Curran: Patriots WR Devin Ross doing his best to make an impression

Devin Ross is trying to make a name for himself at Pats camp.
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FOXBORO – With no OTAs, no minicamps, no preseason games and an abbreviated training camp, nobody has to convince a player like Devin Ross that every rep should be treasured.

But someone did anyway.

“My receiver coach (Mick Lombardi) mentioned that every rep we get is like a piece of gold and I took that to heart,” said the Patriots wideout who's trying hard to make an impression in training camp. "I feel like it’s a true statement. Every time you get a chance to go out there it’s a great opportunity to be able to put something great out there and make a name for yourself and show your coaches and teammates what you can do.”

On the first two days of full-contact practices this week, Ross did exactly that.

Monday, he hauled in a deep ball from Brian Hoyer, laying out to make a catch on the right sideline. On Tuesday, he brought in another deep ball from Hoyer, this one on the left sideline that Ross had to track over his shoulder and bring in despite tight coverage from Jason McCourty.

Ross is slight. And his chances of making the 53-man roster may be as well. But he’s doing everything he can so far to make sure he sticks out and sticks with the Patriots.

“Devin’s a hardworking kid,” Bill Belichick said on a video conference prior to Wednesday’s practice. “I think when we got him last year (after being released from the Eagles practice squad), I’m not sure that he was 100 percent healthy. (This season) I think he’s gained – plus he’s had an offseason, even though it’s not been supervised in the building, it’s still been supervised training. I think that he’s improved from this year to last year. We’ll see how things go here, but yeah, he looks like he’s ready to go and ready to compete, and we’ll see how that all comes together.”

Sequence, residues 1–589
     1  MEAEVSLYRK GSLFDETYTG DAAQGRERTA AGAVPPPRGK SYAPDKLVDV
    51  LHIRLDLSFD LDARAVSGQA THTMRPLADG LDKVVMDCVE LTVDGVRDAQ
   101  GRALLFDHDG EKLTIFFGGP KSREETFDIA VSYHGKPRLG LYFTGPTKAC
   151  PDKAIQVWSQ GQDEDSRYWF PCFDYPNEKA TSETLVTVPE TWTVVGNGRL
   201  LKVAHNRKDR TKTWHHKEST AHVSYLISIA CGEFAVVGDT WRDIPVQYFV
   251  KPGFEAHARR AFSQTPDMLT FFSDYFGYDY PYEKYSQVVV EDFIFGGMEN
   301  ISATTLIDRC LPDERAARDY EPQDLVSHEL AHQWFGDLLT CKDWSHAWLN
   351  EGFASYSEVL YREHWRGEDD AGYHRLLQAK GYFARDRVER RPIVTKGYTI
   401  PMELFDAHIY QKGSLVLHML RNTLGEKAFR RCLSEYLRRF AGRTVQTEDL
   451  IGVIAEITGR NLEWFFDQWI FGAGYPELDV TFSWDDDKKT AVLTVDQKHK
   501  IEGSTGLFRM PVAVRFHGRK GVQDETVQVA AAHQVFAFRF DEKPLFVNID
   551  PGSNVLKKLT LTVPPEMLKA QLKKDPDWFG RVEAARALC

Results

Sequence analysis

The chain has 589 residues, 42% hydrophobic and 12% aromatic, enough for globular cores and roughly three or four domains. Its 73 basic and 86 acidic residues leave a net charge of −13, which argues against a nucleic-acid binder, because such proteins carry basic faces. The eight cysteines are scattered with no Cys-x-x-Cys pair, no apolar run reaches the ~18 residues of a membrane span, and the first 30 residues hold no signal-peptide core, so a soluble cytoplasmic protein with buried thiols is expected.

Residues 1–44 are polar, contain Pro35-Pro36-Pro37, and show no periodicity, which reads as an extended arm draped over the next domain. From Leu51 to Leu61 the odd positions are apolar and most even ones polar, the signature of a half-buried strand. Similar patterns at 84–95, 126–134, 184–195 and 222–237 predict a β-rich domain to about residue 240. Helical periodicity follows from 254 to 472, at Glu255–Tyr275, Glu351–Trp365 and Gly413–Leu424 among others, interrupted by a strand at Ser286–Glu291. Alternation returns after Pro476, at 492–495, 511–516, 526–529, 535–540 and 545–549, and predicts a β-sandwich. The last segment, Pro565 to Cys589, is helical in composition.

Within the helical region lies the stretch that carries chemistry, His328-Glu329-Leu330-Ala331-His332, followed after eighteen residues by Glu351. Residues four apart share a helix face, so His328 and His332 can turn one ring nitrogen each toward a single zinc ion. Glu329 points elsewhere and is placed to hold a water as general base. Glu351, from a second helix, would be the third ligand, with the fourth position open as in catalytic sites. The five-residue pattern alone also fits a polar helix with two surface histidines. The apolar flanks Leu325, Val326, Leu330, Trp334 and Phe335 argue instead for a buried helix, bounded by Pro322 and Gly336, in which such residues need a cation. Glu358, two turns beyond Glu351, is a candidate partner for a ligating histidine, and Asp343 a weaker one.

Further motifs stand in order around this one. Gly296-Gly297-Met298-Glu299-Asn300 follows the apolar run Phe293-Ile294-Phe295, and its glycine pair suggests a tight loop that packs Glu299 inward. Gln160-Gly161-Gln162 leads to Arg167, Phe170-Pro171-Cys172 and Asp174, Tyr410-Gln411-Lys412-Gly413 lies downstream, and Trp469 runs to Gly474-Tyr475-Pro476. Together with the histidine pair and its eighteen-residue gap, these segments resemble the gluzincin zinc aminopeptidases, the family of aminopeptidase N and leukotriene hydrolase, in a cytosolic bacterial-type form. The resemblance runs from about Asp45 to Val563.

There’s a lot to be settled in the Patriots wide receivers room. Julian Edelman and N’Keal Harry are locks. Mohamed Sanu, because of his resume, figures to be there as well. Then there’s Jakobi Meyers, Damiere Byrd, Gunner Olszewski and Ross.

The 5-foot-9, 190-pound Ross went undrafted in 2018 and bounced from the Titans to the Eagles before landing with the Patriots. He’s been with the team since last October. His calling card is quickness (6.94 3-cone and a 4.24 20-yard shuttle) and a willingness to fight for the ball.  

Asked on a video conference after Wednesday’s workout if he felt pressure to make plays in camp knowing opportunities may be scarce, Ross said, “Preparation meets opportunity at this point. I’ve been preparing since last season for opportunities like this and camp in general. So when the ball’s in the air it’s like I’m training with my quarterbacks back home in LA. It’s me and the ball and the ball has to be mine no matter what. That’s the mindset of a receiver in general. Attack the ball, attack every opportunity you get … you have to do everything you can in that moment.”

When Ross speaks of his approach to the game, it’s clear he isn’t taking the “happy to be here” approach at all. He is happy to be here, but he also has no doubt whether or not he belongs.

“I come to the line every time out of the huddle with the mindset that no one can match me or cover me,” he said. “That’s the mindset I always come to the game with. I just feel like I want to be the best player I can so I come to the line with complete confidence, 110 percent. I know that I’ve prepared well and I’m just ready to go at all times, I’ve just got that chip on my shoulder. I feel like it’s me vs. me.”

So far in this camp, he’s winning.